November 8, 2005

Roche is on track to increase production of its antiviral Tamiflu to at least 300 million doses annually by 2007, and that number could grow even higher with added production from third-party manufacturers, the company said recently.

Tamiflu (oseltamivir) demand has skyrocketed in recent months, as governments from around the globe look to stockpile the antiviral, which is considered one of the few viable treatments for the H5N1 avian flu virus that has killed millions of birds and could mutate to spread among humans.

Roche has taken several steps to meet the growing demand, including opening an additional capsule manufacturing site in the U.S. last month, and expanding its worldwide production capacity. Assuming the firm meets its annual target of 300 million doses by 2007, production of Tamiflu will have increased by tenfold since 2004, Roche said.

Roche is already reaping benefits from the increased interest in Tamiflu. During the company's recently completed third quarter, sales of Tamiflu nearly tripled, increasing to $215.9 million from $85.1 million in the same period of 2004. For the full year, the company expects Tamiflu sales to roughly triple to between $770 million and $925 million.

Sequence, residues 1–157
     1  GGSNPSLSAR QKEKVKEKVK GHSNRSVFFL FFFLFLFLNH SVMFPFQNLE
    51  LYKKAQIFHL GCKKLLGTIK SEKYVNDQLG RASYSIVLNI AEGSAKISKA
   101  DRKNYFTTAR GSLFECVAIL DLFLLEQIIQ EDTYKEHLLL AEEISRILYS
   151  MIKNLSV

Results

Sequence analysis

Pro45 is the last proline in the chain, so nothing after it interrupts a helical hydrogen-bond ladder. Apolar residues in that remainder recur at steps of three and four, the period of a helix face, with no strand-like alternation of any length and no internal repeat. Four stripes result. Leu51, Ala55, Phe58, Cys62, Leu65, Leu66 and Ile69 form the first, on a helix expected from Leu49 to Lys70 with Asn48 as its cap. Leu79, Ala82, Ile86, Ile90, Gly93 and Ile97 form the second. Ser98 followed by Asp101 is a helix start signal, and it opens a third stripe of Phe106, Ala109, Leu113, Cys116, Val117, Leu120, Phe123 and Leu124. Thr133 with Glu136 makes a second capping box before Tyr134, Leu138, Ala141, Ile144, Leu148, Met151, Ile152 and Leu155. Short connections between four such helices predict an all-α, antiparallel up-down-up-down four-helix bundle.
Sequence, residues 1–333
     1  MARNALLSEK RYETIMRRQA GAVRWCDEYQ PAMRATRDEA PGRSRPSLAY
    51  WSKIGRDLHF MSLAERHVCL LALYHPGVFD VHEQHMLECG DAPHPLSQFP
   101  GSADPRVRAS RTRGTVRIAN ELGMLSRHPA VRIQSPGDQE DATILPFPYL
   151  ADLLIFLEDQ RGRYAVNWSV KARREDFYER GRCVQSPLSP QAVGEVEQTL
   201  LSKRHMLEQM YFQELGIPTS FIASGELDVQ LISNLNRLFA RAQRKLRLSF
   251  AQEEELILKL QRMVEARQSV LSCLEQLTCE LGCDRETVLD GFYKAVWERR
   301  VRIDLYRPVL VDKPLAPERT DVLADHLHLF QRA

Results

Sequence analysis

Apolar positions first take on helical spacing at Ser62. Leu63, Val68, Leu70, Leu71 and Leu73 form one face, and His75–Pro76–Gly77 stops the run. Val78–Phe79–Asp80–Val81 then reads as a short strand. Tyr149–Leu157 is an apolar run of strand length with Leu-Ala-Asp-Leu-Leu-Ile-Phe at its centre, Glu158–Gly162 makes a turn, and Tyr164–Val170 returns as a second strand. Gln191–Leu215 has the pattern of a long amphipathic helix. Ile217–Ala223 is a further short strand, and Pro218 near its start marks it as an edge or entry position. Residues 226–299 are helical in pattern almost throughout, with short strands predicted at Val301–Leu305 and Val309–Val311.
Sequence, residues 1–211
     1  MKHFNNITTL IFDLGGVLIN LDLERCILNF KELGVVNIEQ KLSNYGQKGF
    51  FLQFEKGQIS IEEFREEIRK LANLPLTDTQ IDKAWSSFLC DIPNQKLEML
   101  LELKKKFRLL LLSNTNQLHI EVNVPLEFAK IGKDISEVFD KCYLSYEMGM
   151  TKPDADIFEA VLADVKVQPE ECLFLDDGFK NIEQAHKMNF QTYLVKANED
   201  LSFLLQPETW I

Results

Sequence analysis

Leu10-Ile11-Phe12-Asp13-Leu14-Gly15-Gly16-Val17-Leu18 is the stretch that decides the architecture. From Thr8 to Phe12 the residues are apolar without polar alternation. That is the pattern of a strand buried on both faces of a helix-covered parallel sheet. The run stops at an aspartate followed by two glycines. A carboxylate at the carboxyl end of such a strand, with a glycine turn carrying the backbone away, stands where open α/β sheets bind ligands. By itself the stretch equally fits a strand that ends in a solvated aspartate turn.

Looking further ahead, a production rate of 300 million doses annually would give Roche the ability to fill Tamiflu orders worth between $1.5 billion and $5.4 billion, according to Merrill Lynch analyst Graham Parry, who noted that there is still uncertainty over the price Roche will charge for Tamiflu.

"Roche may decide to trade price for volume as its manufacturing capacity increases," Parry writes in a recent research note. "In particular, we note that contracts for bulk substance are likely to be at a significant discount (and therefore lower margins) to those for capsules and the mix of demand remains uncertain. We also note that price discounts may be necessary in order to avoid compulsory licensing of its intellectual property by governments as the panic surrounding avian flu increases."

In addition to expanding its in-house production capabilities, Roche is continuing discussions with third parties interested in manufacturing Tamiflu on a contract basis. "We have entered into discussions with a number of interested parties to expand worldwide supply, so governments can be as prepared as possible for when the influenza pandemic happens," said William Burns, chief executive of Roche's pharmaceutical division.

Roche has received more than 150 requests from third parties, and the company has already completed initial talks with eight firms about Tamiflu sublicenses. Roche didn't reveal the identities of firms it has spoken with, saying only that they include large generic manufacturers and major pharmaceutical companies.